The government of Mexico has said that its newly issued $485 million World Bank facilitated catastrophe bond, the IBRD / FONDEN 2020 transaction, is an important part of the country’s social protection strategy and reflects its “enormous commitment” to protecting its citizens from natural disasters.
Mexico’s latest and sixth catastrophe bond issuance was completed last week and as we explained the $485 million cat bond will provide the country with a four-year source of parametric earthquake and hurricane insurance protection, so more than replacing the maturing coverage of the $260 million 2018 issuance IBRD CAR 118-119.
The sixth cat bond from Mexico was well-received by the insurance-linked securities (ILS) investor base, with the transaction reaching $485 million in size, which was a 14% increase from the launch target for the issuance.
Mexico’s Ministry of Finance highlighted the important role that the new catastrophe bond will play, as a key component of the country’s disaster risk financing strategy as it continues to leverage insurance and reinsurance capital, including from the capital markets.
“The issuance of these new bonds reflects the enormous commitment of the Government of Mexico to protect the welfare of its citizens against the consequences of natural disasters,” the Ministry of Finance explained.
“Catastrophic bonds are part of the strategy to strengthen the resilience of public finances in the face of extraordinary events and are also an important part of the social protection strategy,” the Government stated. As they, “allow the immediate needs of the affected population to be met in a timely manner, particularly marginal groups, in terms of reconstruction of infrastructure and housing.”
The Government of Mexico has a robust strategy of disaster insurance, reinsurance and risk financing, developed over many years.
The country first visited the catastrophe bond market back in 2006 with the CAT-Mex Ltd. transaction.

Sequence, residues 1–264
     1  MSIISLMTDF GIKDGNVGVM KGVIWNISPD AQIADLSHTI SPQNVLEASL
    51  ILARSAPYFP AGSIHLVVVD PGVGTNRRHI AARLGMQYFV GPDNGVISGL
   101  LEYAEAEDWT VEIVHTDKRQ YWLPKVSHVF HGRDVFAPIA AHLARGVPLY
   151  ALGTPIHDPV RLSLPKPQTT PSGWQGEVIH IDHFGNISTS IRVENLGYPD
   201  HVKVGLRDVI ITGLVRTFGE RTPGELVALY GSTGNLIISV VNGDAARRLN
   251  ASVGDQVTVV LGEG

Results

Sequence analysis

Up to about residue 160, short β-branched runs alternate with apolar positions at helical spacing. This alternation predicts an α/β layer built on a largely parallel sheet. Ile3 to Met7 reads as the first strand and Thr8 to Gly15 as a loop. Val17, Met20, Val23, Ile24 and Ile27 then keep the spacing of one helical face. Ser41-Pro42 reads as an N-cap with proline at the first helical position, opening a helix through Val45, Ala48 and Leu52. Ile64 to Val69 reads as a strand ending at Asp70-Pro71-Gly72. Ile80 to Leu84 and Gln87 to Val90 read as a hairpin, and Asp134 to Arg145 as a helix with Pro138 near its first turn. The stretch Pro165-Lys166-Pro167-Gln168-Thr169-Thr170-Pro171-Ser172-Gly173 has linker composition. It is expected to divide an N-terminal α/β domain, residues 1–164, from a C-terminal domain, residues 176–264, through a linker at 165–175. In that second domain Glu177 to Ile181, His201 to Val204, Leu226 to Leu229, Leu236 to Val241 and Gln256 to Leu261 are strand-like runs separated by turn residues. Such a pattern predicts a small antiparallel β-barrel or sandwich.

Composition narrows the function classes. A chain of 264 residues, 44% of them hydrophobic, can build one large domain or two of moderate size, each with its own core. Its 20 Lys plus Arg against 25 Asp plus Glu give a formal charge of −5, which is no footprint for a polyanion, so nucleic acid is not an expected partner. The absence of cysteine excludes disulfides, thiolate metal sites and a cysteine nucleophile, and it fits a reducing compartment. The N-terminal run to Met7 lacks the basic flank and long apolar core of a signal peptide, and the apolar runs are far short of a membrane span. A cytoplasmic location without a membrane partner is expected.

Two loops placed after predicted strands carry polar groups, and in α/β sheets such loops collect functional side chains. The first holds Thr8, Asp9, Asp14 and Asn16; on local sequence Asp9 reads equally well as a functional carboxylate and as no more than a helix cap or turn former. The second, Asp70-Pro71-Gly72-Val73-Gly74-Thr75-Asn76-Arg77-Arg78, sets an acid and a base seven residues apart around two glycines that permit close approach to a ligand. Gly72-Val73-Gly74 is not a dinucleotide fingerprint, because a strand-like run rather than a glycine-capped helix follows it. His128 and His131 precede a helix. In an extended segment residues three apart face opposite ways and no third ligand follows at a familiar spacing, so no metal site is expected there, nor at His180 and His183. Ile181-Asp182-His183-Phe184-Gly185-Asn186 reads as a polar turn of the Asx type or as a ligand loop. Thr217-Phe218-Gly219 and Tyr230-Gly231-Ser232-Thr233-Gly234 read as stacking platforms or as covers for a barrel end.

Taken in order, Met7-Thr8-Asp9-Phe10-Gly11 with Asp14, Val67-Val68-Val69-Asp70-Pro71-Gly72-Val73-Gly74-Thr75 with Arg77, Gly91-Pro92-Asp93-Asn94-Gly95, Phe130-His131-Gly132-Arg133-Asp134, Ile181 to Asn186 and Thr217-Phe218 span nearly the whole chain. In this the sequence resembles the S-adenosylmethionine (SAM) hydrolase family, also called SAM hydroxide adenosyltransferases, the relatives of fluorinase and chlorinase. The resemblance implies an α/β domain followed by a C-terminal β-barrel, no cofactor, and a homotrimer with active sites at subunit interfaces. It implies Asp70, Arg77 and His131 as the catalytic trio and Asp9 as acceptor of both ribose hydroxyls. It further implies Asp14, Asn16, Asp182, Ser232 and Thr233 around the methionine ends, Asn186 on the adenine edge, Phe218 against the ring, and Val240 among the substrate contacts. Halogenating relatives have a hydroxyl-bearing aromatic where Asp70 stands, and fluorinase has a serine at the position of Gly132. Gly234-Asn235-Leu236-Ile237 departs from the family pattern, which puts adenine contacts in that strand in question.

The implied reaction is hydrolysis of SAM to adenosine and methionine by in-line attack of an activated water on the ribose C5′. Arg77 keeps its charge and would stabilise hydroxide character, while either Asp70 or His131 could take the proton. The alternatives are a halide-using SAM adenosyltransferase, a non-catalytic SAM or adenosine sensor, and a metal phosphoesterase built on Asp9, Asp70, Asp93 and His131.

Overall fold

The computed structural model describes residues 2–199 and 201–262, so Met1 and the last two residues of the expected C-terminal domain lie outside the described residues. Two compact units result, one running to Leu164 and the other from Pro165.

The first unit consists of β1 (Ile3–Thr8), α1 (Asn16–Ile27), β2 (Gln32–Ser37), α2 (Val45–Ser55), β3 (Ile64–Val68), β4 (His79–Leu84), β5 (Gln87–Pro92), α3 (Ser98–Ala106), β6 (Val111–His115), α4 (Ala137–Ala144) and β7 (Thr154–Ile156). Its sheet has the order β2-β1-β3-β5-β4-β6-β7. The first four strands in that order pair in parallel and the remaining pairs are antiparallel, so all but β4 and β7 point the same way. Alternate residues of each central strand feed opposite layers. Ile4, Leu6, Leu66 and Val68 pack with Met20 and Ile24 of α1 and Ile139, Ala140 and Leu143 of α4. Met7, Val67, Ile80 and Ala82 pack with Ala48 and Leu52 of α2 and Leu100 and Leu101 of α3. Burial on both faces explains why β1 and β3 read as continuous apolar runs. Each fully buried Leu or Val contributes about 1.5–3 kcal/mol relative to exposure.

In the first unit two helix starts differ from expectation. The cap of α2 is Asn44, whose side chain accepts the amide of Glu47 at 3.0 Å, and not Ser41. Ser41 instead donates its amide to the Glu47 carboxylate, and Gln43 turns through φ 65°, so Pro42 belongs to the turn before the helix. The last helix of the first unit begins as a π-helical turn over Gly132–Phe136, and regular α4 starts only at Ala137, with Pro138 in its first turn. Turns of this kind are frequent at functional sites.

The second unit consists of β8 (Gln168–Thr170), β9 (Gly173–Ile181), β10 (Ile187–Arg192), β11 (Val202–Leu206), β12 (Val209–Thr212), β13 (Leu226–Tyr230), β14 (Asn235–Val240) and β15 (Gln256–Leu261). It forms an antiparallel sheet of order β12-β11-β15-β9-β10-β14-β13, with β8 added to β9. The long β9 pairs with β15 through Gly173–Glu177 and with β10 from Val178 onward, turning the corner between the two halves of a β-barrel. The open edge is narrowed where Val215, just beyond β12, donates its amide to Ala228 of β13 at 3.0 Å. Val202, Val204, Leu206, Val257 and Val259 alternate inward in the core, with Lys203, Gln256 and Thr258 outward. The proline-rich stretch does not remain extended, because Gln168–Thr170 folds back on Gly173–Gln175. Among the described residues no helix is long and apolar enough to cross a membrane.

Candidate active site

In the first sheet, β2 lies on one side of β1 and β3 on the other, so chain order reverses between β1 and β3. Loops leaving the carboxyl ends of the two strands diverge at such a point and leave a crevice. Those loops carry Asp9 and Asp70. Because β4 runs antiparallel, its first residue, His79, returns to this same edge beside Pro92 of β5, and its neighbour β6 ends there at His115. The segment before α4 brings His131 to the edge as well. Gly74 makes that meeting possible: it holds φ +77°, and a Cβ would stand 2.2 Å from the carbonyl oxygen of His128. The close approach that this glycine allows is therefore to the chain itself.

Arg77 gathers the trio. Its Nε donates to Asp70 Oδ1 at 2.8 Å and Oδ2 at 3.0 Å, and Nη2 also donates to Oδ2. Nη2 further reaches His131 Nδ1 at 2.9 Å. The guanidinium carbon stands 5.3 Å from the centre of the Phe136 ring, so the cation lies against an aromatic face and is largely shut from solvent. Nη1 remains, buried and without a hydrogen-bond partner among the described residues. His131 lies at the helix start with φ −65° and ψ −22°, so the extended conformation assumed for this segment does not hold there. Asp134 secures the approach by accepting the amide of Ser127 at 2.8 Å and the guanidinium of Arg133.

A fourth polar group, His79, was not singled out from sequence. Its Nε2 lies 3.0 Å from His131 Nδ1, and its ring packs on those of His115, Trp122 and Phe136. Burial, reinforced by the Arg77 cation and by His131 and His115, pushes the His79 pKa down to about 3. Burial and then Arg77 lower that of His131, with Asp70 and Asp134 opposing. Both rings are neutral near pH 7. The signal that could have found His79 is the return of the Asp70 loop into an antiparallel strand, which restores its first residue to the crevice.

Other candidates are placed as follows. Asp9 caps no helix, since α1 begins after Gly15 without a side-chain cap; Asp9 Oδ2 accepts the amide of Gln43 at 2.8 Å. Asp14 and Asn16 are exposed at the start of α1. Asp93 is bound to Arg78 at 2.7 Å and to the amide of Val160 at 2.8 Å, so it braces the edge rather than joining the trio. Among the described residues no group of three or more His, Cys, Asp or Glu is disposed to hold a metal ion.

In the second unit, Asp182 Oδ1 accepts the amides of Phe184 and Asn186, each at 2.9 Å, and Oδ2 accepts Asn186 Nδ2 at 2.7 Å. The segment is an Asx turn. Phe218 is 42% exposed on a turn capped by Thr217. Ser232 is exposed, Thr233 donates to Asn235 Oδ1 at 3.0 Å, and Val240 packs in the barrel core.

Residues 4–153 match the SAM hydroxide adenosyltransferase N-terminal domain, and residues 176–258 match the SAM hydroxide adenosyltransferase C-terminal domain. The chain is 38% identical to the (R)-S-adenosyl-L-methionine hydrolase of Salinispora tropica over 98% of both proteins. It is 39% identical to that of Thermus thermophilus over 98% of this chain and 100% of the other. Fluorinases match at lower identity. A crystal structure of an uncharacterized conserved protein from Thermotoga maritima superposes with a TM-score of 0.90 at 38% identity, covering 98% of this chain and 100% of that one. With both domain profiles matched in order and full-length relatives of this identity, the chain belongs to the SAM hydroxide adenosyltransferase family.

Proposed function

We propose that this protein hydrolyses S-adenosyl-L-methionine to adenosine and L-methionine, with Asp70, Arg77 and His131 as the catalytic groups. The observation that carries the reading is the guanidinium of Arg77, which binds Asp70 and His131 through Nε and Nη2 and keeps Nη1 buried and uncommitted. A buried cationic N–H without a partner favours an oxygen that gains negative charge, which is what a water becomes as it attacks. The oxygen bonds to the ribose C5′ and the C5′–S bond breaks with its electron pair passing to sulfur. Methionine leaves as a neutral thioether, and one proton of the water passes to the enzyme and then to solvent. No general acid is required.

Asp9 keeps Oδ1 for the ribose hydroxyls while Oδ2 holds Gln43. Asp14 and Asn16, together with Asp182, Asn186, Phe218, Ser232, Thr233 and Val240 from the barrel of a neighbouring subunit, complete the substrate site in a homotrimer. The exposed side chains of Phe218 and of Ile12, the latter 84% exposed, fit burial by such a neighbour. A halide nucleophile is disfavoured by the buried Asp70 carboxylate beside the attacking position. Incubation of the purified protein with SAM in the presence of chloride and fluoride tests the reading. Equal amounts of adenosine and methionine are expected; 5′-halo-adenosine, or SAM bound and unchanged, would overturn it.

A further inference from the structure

It then returned using the World Bank’s MultiCat platform twice, with the 2009 issued MultiCat Mexico 2009 Ltd. and then the 2012 cat bond that eventually paid out for the Government following hurricane Patricia MultiCat Mexico Ltd. (Series 2012-1).
More recently, Mexico utilised the World Bank’s IBRD Capital-At-Risk Notes Program for a 2017 issuance that was triggered by the Chiapas earthquake IBRD / FONDEN 2017, and then most recently for a 2018 issuance IBRD CAR 118-119 which is now soon to mature.
At $485 million in size, the new catastrophe bond will more than replace the coverage Mexico had from its 2018 transaction, which was only $260 million in size.
The Government highlighted that Mexico is particularly exposed to natural disaster risks, with some 40% of the national territory, and about a third of its population, exposed to hurricanes, storms, floods, earthquakes and volcanic eruptions.
In economic terms, the Government states that as much as 30% of the country’s GDP is considered vulnerable to three or more natural hazards and 71% vulnerable to two or more natural hazards.
It’s clear that disaster insurance and reinsurance can play a vital role in a country so exposed economically and physically to catastrophe risks, while the capital markets can play a role in helping to absorb those risks and diversify them away from Mexico and the global re/insurance market.
Of course the reinsurance market still plays a part in facilitating the issuance of such a large catastrophe bond transaction on behalf of a sovereign sponsor, with reinsurer Swiss Re intermediating as the ceding reinsurer.
The transaction was issued in four tranches, two exposed to different levels of earthquake risks and one each to Atlantic and Pacific hurricane risks.
Being parametric in nature, the new $485 million catastrophe bond will payout should an earthquake or tropical cyclone meet the parametric location and severity criteria of the trigger, that are established in the terms of the bonds.
Any loss payments will be made by the IBRD directly to FONDEN, Mexico’s natural disaster risk fund, through the intermediation of Swiss Re and also insurer Agroasemex, S.A.
Mexico’s Government also noted the fact that its latest cat bond is the first to be sustainable.
“The bond is issued as “sustainable” since the resources will be applied to programs that fully meet the international criteria of “ESG”,” the Government said.
Further explaining that this means the investment of the collateral will “serve the interest of combating climate change” and be “socially responsible” in nature.
But most importantly, the catastrophe bond transfers disaster risks away from Mexico and into the capital markets.
“This risk management action is aligned with social protection strategies, particularly towards the most vulnerable social groups. The bond is also part of the strategy to strengthen public finances, giving it resilience to natural disasters,” the Government said.